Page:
Inequality

Publications (by Dionne Pohler)

Publications (by Dionne Pohler)

Strategic HR System Differentiation between Jobs: The Effects on Firm Performance and Employee Outcomes

Inequality Employment Relations HR Practices Strategic HRM

Does treating employees differently based on the job they perform affect firm performance and employee attitudes? We found that while organizations may benefit from treating employees differently, employees who were recipients of lower HR investments perceived the organization to be less fair and were more likely to leave.

Read more
Strategic HR System Differentiation between Jobs: The Effects on Firm Performance and Employee Outcomes

Schmidt, J., Pohler, D., & Willness, C. (accepted) Strategic HR System Differentiation between Jobs: The Effects on Firm Performance and Employee Outcomes. Human Resource Management.

The purpose of this research was to understand whether firms apply different human resource management systems to different occupations within the same organization (HR differentiation) and how the extent to which they do so may influence firm and employee outcomes. We conducted two studies pertaining to these questions. The first study was based on data collected from managers, and the results suggest that firms differentiate their HR investments based on the strategic value of occupations to the firm, which was further associated with the human capital of those occupations. Differentiation in human capital was also associated with firm performance. The second study was based on data obtained from nonmanagement employees. The findings indicated that employees who were recipients of less HR system investment had lower fairness perceptions, which were further associated with higher turnover intentions and lower organizational citizenship behavior. Although the evidence from these studies suggests that firms may realize benefits from strategic HR system differentiation, managers should carefully consider how to balance the effects of differentiation on firm performance and employee well-being before implementing such systems.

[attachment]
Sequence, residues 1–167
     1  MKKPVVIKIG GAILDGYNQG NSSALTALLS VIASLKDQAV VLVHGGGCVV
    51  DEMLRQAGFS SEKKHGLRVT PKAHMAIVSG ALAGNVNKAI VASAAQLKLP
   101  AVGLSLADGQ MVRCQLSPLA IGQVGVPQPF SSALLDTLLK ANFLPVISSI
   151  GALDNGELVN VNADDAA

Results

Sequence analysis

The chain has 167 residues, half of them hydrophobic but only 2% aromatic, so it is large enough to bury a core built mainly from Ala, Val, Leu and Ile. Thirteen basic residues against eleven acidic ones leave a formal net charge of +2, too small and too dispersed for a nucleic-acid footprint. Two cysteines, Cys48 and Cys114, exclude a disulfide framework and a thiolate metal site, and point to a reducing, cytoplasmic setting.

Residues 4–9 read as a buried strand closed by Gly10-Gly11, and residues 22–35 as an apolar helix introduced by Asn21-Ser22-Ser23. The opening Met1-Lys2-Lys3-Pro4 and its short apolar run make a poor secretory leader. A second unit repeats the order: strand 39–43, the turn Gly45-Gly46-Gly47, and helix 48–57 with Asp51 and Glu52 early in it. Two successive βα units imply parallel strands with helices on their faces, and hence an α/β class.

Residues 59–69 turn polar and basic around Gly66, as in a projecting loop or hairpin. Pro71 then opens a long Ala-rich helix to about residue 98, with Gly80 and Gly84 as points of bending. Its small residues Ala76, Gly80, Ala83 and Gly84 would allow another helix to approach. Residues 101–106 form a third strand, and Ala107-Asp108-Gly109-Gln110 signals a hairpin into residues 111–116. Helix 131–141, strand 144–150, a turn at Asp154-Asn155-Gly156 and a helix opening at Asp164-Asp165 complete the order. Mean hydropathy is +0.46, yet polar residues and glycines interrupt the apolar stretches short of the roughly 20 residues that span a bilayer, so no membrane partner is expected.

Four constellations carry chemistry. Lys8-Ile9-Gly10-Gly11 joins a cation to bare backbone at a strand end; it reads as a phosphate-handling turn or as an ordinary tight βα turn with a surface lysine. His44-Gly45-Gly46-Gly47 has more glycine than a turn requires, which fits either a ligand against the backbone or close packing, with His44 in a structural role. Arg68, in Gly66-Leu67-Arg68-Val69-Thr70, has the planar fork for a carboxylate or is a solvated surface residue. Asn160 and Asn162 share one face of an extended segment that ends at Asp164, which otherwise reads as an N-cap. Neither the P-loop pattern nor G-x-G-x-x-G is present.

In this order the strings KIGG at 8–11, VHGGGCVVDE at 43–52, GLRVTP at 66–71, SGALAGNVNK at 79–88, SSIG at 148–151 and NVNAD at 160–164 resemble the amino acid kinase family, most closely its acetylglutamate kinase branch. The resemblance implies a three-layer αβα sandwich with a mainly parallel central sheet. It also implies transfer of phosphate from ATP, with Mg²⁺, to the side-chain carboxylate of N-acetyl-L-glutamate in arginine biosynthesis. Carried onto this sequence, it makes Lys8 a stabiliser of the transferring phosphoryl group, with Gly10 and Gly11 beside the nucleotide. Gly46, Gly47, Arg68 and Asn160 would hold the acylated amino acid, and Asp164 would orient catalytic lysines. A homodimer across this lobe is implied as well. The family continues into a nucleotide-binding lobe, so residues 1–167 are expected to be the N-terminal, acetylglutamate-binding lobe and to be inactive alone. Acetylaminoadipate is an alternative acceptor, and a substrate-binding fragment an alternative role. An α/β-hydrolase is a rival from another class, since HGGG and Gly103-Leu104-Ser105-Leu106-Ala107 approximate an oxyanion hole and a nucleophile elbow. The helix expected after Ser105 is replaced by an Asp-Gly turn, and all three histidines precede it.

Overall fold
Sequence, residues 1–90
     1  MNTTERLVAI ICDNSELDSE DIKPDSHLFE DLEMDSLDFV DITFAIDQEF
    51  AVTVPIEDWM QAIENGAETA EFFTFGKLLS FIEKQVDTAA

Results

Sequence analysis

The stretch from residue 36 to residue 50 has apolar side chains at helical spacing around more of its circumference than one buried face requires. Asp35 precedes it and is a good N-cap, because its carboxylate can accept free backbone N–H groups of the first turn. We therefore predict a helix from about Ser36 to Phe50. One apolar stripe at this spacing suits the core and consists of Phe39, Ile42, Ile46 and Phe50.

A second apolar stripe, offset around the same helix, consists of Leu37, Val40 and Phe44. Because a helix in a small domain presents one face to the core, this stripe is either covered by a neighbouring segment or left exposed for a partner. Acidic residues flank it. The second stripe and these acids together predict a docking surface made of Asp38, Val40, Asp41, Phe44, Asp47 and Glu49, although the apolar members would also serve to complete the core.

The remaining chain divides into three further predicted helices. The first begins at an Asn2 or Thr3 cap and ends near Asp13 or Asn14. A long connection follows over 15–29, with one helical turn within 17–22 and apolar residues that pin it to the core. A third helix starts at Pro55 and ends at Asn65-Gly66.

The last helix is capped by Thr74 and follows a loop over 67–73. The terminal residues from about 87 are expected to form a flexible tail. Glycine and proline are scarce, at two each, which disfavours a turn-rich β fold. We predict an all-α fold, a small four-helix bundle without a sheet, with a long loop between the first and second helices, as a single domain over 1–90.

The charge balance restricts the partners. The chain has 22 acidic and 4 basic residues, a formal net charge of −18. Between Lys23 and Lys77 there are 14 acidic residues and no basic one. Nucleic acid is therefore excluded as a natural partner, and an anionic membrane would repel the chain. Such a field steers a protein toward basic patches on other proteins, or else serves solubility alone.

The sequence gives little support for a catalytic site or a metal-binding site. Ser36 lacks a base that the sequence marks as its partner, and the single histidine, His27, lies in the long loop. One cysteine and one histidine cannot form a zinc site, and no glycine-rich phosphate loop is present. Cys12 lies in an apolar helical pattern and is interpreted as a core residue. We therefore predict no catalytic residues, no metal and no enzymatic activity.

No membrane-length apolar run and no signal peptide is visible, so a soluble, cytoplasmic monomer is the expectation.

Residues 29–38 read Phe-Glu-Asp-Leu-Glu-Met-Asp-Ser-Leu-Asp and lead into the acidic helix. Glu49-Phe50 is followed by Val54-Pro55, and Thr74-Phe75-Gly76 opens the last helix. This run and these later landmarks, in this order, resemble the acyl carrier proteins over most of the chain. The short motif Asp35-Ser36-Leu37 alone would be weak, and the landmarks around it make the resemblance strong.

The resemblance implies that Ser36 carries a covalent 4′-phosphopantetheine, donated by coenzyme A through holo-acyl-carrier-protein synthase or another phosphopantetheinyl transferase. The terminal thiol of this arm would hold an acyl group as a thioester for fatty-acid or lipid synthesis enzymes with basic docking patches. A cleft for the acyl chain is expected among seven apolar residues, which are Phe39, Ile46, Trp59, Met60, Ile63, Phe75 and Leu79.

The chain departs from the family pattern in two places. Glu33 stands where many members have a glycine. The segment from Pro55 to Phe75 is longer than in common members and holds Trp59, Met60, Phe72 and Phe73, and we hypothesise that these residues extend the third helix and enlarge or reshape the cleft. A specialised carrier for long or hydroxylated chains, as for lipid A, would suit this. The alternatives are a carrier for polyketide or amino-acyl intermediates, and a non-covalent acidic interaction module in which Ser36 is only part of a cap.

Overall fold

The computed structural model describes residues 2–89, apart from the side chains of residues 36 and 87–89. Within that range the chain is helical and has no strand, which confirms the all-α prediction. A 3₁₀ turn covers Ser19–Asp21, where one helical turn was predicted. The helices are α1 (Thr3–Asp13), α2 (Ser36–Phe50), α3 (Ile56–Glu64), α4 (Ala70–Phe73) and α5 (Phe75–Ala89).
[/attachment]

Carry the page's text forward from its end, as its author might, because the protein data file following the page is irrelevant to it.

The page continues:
Does treating employees differently based on the job they perform affect firm performance and employee attitudes? We found that while organizations may benefit from treating employees differently, employees who were recipients of lower HR investments perceived the organization to be less fair and were more likely to leave.

2017-01-24 21:56:24

The Merit of a Points-Based Merit System at the Edwards School of Business

Employment Relations Inequality Unions HR Practices Strategic HRM

A case study of the challenges in implementing a points-based merit system at a business school.

Read more
The Merit of a Points-Based Merit System at the Edwards School of Business

A new faculty member is engaged in a decision-making process surrounding the development of a points-based system designed to allocate merit pay at a business school. The process is forcing her to evaluate how she is structuring the allocation of her work, which is directly affecting her motivation toward coaching a student case competition team. Edwards has historically used a judgment-based approach to the allocation of merit. The case outlines the rationale used in the design of the new points-based system, discusses the potential advantages and disadvantages, and highlights the perspectives of different stakeholders throughout the process, including the union, the faculty, and senior administration. The union is opposed to merit, so has outlined fairly stringent criteria for the awarding of merit in the new collective agreement. Faculty opinion is mixed surrounding merit more generally, and the implementation of a points-based system versus a judgment-based system in particular. Senior university administration is committed to the continuation of the merit system at the university as a tool to reward outstanding performance and to retain star faculty. The individual departments at Edwards are in the midst of finalizing the standards and procedures for allocation of merit-based pay. The protagonist is uncertain about how her department will proceed in the design and allocation of points, and how it will result in her re-allocating her work tasks.